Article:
Sky & ESPN face EU challenge to pay-tv monopoly in pubs
The Advocate General of the European Court of Justice has issued a non-binding opinion that ‘the exclusivity agreement relating to transmission of [Premier League] football matches contravenes European Union laws’.
It should be pointed out that at this stage it is merely an opinion, its significance lies in the fact that the opinion of the Advocate General is usually followed by the European Court judges.
In effect the opinion says that it contravenes European Law to sell exclusivity, territory by territory within the EU’s single market structure; thus making it acceptable to use decoders from other European broadcasters to show content such as Premier League football.
The case has come about following the battle by Karen Murphy, a Portsmouth landlady, who was fined £8000 by the enforcers at the Football Association Premier League ltd (FALP) for using a Greek broadcasters decoder to show Premier League football. Karen took her fight against what she felt was a very unfair and un-European monopoly, through the entirety of the UK courts and ultimately onto the European Court where she finally seems to be having some success.
A word of caution, at this stage we only have a non-binding opinion, not a judgement; licensed premises should not yet be running out and signing up for European decoders to show premier league matches.
We understand even if the ECJ rules in favour of Karen Murphy, this judgement would still have to be returned to the English courts. Sky, The Premier League and ESPN with their combined legal might, will no doubt still have a say in how this proceeds.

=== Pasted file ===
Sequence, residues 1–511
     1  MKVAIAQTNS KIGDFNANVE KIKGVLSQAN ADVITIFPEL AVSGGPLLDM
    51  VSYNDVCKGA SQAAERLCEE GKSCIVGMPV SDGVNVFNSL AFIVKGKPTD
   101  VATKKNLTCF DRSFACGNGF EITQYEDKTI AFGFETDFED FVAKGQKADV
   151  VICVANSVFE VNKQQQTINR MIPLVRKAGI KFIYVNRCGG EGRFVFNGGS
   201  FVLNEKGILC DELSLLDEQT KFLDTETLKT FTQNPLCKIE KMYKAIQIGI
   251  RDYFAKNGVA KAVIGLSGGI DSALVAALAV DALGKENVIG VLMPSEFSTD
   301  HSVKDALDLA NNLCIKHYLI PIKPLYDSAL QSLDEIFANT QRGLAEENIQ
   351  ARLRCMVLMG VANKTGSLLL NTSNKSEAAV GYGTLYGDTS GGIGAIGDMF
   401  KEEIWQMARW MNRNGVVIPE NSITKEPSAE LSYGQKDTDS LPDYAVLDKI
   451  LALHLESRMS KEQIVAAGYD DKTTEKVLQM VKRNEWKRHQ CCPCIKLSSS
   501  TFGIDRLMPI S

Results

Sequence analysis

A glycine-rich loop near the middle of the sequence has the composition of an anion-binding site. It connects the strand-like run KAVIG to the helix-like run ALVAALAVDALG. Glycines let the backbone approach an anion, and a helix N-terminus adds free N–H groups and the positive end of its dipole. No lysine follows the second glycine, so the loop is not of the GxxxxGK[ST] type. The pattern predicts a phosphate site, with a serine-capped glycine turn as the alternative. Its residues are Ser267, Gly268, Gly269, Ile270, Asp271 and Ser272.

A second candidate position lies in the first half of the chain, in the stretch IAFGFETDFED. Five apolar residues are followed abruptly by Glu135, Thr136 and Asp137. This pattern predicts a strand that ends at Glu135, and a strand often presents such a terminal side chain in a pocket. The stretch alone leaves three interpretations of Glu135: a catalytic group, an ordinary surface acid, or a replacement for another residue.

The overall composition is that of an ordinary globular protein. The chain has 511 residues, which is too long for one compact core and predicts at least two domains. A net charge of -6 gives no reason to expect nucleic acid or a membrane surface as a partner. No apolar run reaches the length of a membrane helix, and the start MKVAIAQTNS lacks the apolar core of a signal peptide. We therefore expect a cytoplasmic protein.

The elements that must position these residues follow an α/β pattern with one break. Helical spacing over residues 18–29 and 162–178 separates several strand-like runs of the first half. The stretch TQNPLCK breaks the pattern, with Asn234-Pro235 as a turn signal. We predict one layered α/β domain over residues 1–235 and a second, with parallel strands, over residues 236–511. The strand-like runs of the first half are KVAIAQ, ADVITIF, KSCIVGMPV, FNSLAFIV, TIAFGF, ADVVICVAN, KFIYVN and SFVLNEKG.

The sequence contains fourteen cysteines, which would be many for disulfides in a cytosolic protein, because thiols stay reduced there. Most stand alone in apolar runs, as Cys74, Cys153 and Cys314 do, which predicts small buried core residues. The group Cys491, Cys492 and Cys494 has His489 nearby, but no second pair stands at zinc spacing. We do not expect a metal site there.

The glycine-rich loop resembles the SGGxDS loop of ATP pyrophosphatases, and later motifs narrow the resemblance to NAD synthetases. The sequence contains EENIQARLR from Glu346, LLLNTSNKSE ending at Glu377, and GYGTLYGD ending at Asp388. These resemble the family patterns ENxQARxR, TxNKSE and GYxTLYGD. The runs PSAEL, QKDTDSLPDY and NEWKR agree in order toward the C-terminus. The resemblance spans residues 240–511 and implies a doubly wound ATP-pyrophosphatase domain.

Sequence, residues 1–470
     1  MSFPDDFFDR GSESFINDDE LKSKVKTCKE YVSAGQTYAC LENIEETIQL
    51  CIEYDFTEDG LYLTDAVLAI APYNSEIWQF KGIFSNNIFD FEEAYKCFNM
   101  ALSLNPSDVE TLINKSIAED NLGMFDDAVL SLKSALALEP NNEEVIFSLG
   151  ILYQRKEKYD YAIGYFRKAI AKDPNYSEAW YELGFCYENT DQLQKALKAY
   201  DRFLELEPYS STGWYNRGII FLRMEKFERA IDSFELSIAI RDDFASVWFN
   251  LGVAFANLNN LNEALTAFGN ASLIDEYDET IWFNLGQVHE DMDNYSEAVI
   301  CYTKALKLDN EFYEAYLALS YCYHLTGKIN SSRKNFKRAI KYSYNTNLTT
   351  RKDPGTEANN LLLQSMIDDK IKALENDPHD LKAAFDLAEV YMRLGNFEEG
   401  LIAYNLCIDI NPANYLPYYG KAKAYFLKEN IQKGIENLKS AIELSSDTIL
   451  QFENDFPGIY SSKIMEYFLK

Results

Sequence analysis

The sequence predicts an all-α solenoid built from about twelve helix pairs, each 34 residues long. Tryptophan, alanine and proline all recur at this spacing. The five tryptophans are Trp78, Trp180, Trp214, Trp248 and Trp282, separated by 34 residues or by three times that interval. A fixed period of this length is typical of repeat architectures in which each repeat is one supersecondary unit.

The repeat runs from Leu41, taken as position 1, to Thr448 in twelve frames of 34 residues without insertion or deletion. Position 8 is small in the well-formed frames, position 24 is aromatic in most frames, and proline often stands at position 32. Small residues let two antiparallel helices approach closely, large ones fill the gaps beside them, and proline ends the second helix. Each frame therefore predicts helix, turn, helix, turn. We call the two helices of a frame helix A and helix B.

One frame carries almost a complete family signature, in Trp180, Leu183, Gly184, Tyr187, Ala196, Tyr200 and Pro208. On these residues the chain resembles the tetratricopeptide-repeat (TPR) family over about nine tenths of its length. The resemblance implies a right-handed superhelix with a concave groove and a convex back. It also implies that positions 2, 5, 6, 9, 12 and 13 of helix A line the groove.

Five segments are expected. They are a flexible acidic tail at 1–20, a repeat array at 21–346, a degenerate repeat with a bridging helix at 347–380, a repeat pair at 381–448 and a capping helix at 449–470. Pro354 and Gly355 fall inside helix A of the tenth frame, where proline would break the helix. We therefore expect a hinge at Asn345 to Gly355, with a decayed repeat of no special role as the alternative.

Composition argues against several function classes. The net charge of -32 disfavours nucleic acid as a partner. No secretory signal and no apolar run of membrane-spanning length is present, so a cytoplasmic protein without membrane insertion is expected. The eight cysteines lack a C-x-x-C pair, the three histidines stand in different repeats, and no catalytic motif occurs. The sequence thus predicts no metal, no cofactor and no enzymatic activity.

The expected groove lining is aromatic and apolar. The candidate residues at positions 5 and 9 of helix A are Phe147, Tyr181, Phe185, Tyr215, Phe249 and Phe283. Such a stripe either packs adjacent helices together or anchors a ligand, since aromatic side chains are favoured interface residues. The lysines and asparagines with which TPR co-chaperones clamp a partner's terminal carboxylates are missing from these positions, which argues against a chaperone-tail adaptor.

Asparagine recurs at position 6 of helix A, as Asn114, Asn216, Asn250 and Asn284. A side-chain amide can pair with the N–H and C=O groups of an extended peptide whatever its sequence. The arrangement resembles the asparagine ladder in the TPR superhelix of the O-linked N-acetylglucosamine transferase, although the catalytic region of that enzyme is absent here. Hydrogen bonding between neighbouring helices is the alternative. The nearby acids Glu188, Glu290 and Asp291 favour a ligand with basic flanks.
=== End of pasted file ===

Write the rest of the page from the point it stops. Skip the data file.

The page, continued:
The importance of this judgement should not be underestimated as it potentially not only affects the showing of football for commercial purposes, such as in pub and clubs, but also home viewing. Other digital industries, where there is a variance on the price they sell into different European territories, may also be affected; including music downloads, audio & digital books, films etc. Don’t expect them all to lie down without a serious fight.
The assumption will also be that should this judgement stand, as now seems much more likely, the Premier League will have to reform the way they sell the broadcasting rights to premier league, possibly with the introduction of one or two pan-European broadcasters being sold the rights for all the EU territories; probably Sky & ESPN as the only two broadcasters with real pan-European reach.
In the longer term there may actually be end up being less broadcasters across Europe, who get the rights to show the Premier League. For now it seems to be 1-0 to the bar, clubs, restaurants and other commercial outlets who are paying through the nose to show live football; watch this space.
Congratulations Karen Murphy!
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To view the original article – Premier League TV football choice ‘upheld’ by EU advice
Source – www.bbc.co.uk
Date – 3rd February 2011
Submitted by – Peter Mayhew